The Angels are keeping their closer in the fold, reportedly agreeing to terms on a four-year, $58 million deal with Raisel Iglesias. The Halos have yet to announce the move. Iglesias is a client of Magnus Sports.
Iglesias is the top free-agent reliever on this winter’s market, a fact reflected in the reported four-year guarantee. Only one reliever (Liam Hendriks and Drew Pomeranz, respectively) has landed a four-year pact in each of the past two offseasons.
Iglesias earns his place among that group after posting one of the stronger seasons by any late-game option around the league. The Angels acquired the right-hander from the Reds last offseason in a move that required little more than assuming his $9.125 million salary for 2021. That proved to be an absolute bargain, as Iglesias acclimated well to his new home in Orange County. Assigned the Angels’ ninth-inning role, he tossed 70 innings of 2.57 ERA ball, successfully locking down 34 of 39 save attempts.
That marked Iglesias’ fifth season (out of six since he transitioned to the bullpen in 2016) of sub-3.00 ERA work. The native of Cuba has rather quietly been one of the sport’s most consistent, reliable relief arms. That’s in spite of the fact that Iglesias has spent most of his career in Cincinnati, which sports one of the game’s most hitter-friendly ballparks.
Impressive as Iglesias’ run-prevention numbers are, his underlying metrics might be even better. The right-hander has punched out a strong 29.7% of batters faced over the course of his career, and he’s coming off a personal-best 37.7% strikeout rate. That’s the eighth-highest mark of the 138 relievers with 50-plus innings pitched, while his massive 20.6% swinging-strike rate trailed only Josh Hader among that same group.
While many relievers can struggle to harness high-octane stuff, Iglesias has had no such problems. His walk rates in each of the past three seasons have been far lower than average, and this past season’s 4.4% figure was among the 10 lowest among relievers. Iglesias’ 33.3 percentage-point gap between his strikeout and walk rates ranked third, as did his 2.06 SIERA.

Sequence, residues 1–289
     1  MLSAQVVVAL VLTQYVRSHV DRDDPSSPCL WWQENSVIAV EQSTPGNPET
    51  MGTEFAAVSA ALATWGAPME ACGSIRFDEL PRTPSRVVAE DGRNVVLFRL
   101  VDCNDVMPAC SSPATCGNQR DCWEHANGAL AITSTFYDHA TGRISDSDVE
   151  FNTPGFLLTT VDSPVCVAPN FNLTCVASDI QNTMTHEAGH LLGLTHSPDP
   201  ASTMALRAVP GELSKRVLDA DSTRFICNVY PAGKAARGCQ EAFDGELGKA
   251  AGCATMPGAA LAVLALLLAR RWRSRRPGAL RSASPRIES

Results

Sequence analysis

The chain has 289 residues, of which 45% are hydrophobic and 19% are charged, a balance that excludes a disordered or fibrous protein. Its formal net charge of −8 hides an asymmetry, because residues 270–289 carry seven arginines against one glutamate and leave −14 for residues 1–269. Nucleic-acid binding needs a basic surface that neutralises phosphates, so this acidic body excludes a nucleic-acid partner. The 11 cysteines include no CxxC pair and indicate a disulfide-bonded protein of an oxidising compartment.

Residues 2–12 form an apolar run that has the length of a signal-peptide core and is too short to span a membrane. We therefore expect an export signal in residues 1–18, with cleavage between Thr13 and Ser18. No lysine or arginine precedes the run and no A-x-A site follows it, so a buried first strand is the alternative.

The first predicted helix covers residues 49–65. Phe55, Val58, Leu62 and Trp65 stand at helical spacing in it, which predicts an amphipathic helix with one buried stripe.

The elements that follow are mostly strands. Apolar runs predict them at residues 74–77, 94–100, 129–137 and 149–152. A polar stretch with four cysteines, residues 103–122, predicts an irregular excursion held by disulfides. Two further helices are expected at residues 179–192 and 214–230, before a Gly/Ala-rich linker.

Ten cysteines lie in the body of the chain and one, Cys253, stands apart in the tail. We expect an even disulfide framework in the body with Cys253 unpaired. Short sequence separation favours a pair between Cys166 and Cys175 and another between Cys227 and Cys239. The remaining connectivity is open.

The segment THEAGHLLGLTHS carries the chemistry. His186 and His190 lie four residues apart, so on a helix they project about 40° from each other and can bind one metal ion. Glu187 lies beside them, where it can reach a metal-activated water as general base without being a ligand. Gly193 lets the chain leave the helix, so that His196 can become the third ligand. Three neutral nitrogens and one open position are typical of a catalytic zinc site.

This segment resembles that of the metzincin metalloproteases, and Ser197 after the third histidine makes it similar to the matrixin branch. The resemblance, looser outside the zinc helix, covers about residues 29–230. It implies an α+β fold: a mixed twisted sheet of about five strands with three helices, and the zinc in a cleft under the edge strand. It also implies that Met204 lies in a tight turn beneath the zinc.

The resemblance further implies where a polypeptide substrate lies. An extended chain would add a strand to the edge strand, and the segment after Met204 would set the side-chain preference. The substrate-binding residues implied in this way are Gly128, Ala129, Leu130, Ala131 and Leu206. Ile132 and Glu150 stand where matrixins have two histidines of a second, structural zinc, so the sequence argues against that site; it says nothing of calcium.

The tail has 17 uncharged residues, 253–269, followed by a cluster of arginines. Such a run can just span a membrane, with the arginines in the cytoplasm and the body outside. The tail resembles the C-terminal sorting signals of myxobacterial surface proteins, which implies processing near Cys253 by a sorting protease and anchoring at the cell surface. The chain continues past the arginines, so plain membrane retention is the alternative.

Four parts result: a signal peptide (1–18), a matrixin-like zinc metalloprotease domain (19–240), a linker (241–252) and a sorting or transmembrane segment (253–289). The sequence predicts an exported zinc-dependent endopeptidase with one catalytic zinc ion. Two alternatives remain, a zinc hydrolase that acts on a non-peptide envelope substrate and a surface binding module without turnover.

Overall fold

The only real drawback in Iglesias’ game has been the longball. He’s generally a fly-ball pitcher, and that’s led to some issues keeping the ball in the yard. Iglesias has allowed homers at a higher than average clip in three of the past four years, including a 1.41 HR/9 mark in 2021. That’s a small red flag, but Iglesias is so effective at preventing baserunners that he often mitigates the damage done via the home run. Opponents reached base at just a .243 clip in 2021.
Iglesias’ reported contract terms land right in line with expectations. Entering the offseason, MLBTR forecasted a four-year, $56 million guarantee that Iglesias moderately tops. That came after he rejected Los Angeles’ $18.4 million qualifying offer, a decision that proved wise considering the solid multi-year contract he landed. The Angels won’t directly forfeit a draft choice for re-signing their own free agent, although they are passing on the right to collect the compensation pick they would have received had Iglesias signed elsewhere.
That’s a worthwhile trade-off for the win-now Angels, who’ll hope for continued excellence from Iglesias at the back end of the bullpen. He becomes the second and more expensive multi-year relief investment of the offseason for Los Angeles, which also signed southpaw Aaron Loup to a two-year deal. The Angels will try to anchor a bullpen that was below-average in 2021, even including Iglesias’ stellar numbers.
The deal’s financial breakdown has yet to be reported, but it becomes another significant deal on the Angels’ books. Were Iglesias to be paid $14.5 million annually, the Halos' estimated 2022 commitments would be above $176 million, per Jason Martinez of Roster Resource. The deal’s $14.5 million luxury-tax hit (which is certain, since luxury-tax calculations are based on contract's average annual values as opposed to actual payment schedule) puts the Angels’ projected CBT number above $185 million.
The luxury-tax thresholds in the next collective bargaining agreement have yet to be determined, but the Angels haven’t exceeded the threshold in more than a decade. They’ve never opened a season with a player payroll higher than last year’s $181 million mark, per Cot’s Baseball Contracts. Whether owner Arte Moreno is willing to push beyond that in 2022 remains to be seen, but there figures to be plenty of urgency to put a strong supporting cast around the Angels’ star core. Los Angeles could also have to deal with a tougher division than it has in years past, as the Rangers and Mariners have been among the most active teams this offseason.
Ken Rosenthal of the Athletic was first to report the Angels were nearing agreement with Iglesias on a four-year deal. Jeff Passan of ESPN was first to report the deal had been agreed upon. Jon Morosi of MLB.com reported the $58 million guarantee.